There is two-way communication between the referee on the field and the VAR.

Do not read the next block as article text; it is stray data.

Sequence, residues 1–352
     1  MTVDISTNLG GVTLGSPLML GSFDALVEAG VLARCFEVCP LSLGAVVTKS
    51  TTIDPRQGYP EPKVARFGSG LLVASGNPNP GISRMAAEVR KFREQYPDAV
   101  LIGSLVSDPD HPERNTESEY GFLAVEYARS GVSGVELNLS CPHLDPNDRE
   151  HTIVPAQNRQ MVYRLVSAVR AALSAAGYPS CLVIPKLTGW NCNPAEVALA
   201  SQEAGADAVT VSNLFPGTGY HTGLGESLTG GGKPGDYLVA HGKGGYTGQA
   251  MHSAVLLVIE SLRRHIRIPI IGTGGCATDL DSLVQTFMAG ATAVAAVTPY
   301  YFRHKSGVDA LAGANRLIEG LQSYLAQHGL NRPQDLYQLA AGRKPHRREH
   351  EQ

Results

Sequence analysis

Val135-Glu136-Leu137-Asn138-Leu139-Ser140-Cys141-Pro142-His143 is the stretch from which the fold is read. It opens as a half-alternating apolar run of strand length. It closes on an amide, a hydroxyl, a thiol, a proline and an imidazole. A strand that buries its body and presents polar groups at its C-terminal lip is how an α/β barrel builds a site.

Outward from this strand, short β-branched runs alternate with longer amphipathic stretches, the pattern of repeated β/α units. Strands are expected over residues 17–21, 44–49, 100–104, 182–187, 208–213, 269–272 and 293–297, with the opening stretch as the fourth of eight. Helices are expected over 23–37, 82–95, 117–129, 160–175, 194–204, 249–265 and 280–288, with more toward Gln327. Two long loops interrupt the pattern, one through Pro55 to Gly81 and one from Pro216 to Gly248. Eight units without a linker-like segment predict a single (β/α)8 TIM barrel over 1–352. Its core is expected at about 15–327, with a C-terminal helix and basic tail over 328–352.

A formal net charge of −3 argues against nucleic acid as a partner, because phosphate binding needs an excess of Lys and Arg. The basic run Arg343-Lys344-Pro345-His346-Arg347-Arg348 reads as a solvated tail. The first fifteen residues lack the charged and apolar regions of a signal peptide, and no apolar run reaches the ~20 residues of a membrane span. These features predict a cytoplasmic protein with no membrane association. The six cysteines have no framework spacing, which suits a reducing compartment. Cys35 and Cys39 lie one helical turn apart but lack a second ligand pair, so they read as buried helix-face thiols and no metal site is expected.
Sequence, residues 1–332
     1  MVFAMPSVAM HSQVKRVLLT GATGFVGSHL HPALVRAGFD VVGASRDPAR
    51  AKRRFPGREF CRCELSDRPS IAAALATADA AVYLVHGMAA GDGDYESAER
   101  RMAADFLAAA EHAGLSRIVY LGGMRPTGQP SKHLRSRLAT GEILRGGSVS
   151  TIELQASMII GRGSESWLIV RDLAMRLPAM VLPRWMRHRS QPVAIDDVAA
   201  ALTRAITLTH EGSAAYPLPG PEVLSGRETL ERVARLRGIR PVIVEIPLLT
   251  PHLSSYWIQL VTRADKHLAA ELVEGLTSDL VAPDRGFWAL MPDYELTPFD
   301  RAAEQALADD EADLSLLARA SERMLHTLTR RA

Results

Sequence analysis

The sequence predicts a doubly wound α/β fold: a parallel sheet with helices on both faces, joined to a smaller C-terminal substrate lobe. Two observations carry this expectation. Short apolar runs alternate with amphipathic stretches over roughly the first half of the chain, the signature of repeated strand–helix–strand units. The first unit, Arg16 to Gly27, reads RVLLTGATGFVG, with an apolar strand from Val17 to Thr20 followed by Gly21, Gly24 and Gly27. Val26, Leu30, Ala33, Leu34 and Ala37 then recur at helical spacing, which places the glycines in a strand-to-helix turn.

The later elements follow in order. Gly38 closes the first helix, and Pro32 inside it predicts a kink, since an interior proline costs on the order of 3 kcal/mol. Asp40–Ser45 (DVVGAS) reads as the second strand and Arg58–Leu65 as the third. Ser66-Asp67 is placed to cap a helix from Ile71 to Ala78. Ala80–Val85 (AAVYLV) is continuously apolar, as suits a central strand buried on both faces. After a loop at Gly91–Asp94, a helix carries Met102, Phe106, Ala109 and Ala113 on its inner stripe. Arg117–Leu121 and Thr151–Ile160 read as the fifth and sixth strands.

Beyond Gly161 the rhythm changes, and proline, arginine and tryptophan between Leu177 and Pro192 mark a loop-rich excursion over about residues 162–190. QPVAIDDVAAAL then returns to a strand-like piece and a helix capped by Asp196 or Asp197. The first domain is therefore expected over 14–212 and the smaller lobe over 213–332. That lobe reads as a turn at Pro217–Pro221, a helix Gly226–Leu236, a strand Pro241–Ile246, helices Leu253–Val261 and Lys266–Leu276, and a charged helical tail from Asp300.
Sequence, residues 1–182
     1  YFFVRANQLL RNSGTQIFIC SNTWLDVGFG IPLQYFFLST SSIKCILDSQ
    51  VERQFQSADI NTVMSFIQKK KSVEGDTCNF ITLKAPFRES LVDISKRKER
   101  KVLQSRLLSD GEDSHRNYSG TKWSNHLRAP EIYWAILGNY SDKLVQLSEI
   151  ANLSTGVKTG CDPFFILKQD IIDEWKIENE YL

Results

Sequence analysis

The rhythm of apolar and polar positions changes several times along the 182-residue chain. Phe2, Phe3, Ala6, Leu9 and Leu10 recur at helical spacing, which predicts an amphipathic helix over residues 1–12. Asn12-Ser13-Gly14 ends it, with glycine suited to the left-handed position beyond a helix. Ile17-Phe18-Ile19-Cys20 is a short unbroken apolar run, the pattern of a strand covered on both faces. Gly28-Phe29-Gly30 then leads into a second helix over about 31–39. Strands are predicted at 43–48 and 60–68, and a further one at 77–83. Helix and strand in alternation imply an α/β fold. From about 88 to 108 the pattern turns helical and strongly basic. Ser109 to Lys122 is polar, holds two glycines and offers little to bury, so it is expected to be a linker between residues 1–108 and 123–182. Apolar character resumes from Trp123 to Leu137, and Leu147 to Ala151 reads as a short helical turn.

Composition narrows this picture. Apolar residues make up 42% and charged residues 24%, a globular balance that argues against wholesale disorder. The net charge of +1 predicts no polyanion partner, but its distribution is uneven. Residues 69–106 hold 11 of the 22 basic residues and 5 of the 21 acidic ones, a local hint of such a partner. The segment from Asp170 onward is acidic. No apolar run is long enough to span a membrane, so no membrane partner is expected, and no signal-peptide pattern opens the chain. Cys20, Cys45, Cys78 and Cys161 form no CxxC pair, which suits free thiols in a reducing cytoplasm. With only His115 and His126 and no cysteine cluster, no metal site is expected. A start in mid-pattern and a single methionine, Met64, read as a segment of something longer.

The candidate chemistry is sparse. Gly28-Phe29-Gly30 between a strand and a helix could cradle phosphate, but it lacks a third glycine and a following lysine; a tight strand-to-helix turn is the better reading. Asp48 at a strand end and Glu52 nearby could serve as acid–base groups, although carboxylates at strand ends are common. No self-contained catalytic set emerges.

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Video review is going to help referees at the World Cup, bringing football's biggest event into line with U.S. pro sports. FIFA's rule-making panel voted Saturday to update the game's 155-year-old laws and allow for video assistant referees.This means incidents involving goals scored, the awarding of penalty kicks, red cards and cases of referees showing cards to the wrong player.FIFA focused on these four potential game-changing situations before live trials began in 2016 .DO REVIEWS HAPPEN?There is two-way communication between the referee on the field and the VAR, who is also a qualified referee and watches play in real-time and replays on a bank of screens.FIFA wants referees to let a phase of play continue before stopping the action for review.Therefore, the referee must have access to a TV screen near the touchline to personally review an incident.This way, players will respect the referee for controlling his decision, FIFA Refereeing Chairman Pierluigi Collina said Saturday.
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